Fish out of water
Clover Leaf Seafoods has a new website where you can look up information on the tuna in the can you bought. Go to cloverleaf.ca/trace-my-catch. Once on the site you enter the numbers and letters on the can. My can contains albacore tuna. No surprise there.
Next, there’s a map showing that the tuna was caught in the South Pacific, east of the Solomon Islands, using longline fishing gear with baited hooks. That’s good, no net scraping the ocean floor. The vessel was the Sui Yuan Yu 30 from China and my tuna was caught sometime between August 9 and September 3, 2015. A year ago.
I’m starting to wish I hadn’t bothered, but I press on and find that each tuna weighed 10-80 pounds, was blast frozen aboard the ship and sent to a processing plant in Thailand where the fish was thawed, cleaned and steamed. After the fish cooled, the meat was removed from the bones, then packed into cans ready to wend its way to my table.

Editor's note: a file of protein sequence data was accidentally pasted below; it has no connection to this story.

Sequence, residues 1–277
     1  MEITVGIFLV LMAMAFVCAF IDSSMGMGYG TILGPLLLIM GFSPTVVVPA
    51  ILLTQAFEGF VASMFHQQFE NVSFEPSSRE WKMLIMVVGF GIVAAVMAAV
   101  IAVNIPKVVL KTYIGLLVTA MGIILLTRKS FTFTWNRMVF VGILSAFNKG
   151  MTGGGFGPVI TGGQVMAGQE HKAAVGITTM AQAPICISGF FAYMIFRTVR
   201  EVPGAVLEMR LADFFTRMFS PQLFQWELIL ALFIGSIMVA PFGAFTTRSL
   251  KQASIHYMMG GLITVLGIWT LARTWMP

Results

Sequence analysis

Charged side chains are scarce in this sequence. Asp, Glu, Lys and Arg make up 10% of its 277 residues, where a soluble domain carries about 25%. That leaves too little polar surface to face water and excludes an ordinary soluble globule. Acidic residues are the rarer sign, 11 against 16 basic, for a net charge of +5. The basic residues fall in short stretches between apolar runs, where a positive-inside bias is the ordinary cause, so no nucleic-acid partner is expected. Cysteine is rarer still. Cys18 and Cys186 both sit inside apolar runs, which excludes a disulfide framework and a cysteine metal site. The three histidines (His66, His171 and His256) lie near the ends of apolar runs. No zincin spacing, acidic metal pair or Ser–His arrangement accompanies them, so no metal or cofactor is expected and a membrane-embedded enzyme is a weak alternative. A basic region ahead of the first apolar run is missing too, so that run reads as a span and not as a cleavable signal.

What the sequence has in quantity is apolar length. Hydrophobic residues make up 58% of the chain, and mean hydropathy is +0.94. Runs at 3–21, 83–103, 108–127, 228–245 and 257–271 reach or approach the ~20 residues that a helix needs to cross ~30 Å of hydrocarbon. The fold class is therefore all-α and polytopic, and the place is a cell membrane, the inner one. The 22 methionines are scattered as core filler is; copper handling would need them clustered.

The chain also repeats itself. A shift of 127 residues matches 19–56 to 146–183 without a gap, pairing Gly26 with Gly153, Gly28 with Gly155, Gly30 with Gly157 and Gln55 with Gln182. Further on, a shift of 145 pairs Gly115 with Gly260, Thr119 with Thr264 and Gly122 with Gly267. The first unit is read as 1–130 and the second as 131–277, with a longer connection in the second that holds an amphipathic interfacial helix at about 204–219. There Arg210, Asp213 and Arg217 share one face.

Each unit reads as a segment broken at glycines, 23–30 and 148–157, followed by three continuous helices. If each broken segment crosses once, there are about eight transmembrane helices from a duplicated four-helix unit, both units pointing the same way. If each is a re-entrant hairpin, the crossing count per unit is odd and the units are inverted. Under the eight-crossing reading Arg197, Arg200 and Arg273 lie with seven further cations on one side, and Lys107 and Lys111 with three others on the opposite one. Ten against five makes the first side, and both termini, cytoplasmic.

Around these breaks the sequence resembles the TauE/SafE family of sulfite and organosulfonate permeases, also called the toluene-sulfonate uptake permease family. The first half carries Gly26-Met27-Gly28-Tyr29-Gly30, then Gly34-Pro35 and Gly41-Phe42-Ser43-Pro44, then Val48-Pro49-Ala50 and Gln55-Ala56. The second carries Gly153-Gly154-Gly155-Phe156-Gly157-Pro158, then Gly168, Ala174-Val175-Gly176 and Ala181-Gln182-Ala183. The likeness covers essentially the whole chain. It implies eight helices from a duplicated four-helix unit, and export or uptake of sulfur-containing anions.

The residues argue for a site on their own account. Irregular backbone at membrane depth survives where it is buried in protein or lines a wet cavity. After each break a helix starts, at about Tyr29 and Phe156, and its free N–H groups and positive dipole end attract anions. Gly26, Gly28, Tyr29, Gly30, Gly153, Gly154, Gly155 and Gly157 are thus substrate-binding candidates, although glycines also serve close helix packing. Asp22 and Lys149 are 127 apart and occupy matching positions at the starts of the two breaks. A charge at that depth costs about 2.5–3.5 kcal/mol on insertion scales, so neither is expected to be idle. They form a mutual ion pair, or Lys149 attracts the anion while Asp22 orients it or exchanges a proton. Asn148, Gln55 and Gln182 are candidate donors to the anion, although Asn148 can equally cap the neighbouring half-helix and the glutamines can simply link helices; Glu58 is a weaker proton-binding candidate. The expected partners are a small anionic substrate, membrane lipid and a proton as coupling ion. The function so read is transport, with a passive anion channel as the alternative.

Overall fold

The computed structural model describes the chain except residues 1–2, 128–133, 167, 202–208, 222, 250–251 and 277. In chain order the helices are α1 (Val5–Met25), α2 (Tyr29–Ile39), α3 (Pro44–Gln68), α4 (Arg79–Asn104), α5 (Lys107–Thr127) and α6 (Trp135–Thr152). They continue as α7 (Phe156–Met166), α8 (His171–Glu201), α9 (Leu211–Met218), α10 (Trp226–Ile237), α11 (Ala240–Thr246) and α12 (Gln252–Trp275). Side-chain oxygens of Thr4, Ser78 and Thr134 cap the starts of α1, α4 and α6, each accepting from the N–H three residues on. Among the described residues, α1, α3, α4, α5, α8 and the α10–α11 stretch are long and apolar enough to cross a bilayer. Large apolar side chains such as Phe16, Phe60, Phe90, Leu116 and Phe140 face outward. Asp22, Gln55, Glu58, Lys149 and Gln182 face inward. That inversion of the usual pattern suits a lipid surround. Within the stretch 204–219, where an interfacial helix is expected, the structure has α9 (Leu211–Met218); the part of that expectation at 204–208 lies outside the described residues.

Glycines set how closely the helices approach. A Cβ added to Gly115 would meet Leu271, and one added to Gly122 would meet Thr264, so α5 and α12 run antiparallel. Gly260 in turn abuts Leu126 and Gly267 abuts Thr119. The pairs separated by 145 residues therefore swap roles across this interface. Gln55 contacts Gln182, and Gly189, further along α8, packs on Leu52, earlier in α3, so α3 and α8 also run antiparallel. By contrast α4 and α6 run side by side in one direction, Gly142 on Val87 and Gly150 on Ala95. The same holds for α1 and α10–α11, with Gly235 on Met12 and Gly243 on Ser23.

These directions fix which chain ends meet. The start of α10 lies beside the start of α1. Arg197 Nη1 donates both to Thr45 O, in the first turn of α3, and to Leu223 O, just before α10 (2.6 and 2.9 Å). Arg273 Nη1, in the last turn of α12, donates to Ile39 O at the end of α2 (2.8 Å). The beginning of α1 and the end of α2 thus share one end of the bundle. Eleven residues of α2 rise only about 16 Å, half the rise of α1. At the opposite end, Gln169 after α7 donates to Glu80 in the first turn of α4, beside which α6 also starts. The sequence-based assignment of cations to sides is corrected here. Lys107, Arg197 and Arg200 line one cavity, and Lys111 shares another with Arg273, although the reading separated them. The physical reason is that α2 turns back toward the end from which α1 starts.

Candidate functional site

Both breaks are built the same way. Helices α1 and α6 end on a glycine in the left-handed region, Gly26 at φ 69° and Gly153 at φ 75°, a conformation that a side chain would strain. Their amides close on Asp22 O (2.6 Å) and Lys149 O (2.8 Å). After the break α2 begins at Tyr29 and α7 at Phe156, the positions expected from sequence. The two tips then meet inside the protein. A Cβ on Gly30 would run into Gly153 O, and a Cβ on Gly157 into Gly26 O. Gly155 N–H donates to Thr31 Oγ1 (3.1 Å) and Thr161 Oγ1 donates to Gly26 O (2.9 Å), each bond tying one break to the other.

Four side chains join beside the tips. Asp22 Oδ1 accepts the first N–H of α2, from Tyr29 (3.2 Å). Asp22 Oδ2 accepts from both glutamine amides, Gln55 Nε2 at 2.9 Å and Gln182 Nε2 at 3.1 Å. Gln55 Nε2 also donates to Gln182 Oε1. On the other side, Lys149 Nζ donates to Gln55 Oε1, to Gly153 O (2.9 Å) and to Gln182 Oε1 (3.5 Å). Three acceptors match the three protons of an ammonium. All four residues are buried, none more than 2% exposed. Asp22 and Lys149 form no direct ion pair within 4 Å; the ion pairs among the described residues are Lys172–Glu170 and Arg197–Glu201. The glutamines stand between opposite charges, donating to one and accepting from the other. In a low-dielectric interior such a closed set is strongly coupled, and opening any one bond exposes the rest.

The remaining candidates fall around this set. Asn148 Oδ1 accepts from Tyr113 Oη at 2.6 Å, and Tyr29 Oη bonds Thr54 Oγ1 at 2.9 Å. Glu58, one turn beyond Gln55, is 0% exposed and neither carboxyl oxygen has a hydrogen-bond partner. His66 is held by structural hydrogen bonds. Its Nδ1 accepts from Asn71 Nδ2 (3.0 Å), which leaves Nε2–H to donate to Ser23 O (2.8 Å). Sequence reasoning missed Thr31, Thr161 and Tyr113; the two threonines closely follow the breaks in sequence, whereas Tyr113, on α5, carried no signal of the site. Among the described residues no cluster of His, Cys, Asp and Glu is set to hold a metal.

I previously laboured under the naive delusion that my tuna was caught off one of Canada’s coasts, brought live to the local cannery, and trucked to my grocer. My can of tuna is good until November 2018, more than three years after it was caught halfway around the world. I am reminded of the old saying, “Laws are like sausages, it’s better not to see them being made.” Or to learn your fish’s life history.